I try to push these chores aside for my kids, but even so every day I’m ticking off a parenting chore list, instead of being with them. Make oatmeal; worry about whether they’re getting enough protein or too much starch. Brush teeth; dentist says I’ve got to do it, or we’ll be risking some serious gingivitis. Are you dressed yet, for Christ’s sake? Those are dirty underwear, change them. Now. And don’t leave them on the floor, man, that’s where we pile the clean clothes. That’s enough “Reading Raven”, Ines, turn off the ipad. Oscar, please turn off Adventure Time and read a frickin book, okay? Piano lessons are tomorrow, did you practice? No, I can’t teach you to play dungeons and dragons, I lost my 12-sided die decades ago! Just get in the damn car will you? There’s so much to make sure of that there isn’t enough time to love them! A bright spot was discovering that playing mancala gives me and Oscar a perfect chance to practice multiples: great! I can cross-list play and homework… way to multi-task.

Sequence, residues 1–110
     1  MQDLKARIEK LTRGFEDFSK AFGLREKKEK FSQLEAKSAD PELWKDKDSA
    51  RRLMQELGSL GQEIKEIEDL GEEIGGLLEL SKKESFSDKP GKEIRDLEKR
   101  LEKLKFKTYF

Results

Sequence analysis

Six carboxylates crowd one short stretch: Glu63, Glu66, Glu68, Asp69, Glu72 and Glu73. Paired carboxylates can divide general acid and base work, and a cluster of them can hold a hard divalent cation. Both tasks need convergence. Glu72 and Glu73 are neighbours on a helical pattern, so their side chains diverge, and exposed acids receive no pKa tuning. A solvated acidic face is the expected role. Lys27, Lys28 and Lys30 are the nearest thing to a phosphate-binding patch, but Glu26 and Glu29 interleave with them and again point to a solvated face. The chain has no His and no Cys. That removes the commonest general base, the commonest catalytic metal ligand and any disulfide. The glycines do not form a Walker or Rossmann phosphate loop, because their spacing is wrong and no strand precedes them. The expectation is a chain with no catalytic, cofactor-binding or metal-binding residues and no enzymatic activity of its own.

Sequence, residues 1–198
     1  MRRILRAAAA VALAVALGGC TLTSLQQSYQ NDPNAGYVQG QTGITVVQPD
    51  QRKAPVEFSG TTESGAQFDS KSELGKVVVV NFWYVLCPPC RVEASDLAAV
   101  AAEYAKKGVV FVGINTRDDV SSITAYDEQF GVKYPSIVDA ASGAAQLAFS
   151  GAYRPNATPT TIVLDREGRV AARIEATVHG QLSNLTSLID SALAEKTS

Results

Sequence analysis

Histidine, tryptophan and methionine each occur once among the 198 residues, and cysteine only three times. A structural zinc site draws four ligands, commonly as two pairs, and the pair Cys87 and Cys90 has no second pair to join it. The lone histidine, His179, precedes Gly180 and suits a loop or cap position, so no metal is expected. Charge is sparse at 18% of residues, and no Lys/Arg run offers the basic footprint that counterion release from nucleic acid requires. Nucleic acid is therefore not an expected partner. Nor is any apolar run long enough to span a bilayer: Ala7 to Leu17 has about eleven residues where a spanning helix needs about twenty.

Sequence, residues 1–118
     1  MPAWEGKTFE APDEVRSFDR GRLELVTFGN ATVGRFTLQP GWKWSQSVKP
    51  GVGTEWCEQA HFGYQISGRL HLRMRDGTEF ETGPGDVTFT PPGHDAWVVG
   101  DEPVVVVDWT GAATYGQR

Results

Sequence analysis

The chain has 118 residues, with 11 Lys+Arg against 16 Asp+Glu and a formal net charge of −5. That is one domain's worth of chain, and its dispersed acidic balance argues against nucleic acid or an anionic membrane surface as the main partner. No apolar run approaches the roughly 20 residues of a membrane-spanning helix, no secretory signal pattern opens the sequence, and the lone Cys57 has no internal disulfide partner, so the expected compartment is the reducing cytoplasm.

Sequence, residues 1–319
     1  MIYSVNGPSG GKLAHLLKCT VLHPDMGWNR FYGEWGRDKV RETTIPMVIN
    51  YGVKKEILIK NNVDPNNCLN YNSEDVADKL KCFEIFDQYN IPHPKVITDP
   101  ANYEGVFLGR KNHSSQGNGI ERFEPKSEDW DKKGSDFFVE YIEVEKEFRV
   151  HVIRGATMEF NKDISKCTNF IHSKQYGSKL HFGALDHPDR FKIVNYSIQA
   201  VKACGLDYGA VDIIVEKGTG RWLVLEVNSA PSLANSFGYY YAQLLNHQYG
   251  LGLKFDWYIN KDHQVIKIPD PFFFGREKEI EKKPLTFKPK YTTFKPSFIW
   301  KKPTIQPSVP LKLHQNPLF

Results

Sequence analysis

Third is teaching. And that’s actually pretty ok. I’ve only got two courses, ~35 students each. These seem in control to me, as long as I grade 37 essays and 33 blog entries every two weeks. Did you post that rubric, Dr. Gillespie? And, I can’t find the practice quiz you mentioned. When will the online test go live? Can you proof this essay before I get it peer-edited? This weekend, for “Chemistry of the Kitchen”, I’ve got to hone my mozzarella-making skills, and I’ve got to buy 3 gallons of whipping cream, leaving myself enough time to let the stuff just start to sour, so we can make butter on Tuesday… quantitatively, of course. Now, don’t forget that I’m an innovative teacher, so I’ve got to constantly revise and improve my video lectures, and I’ve got to quantify the effectiveness of my wacko methods.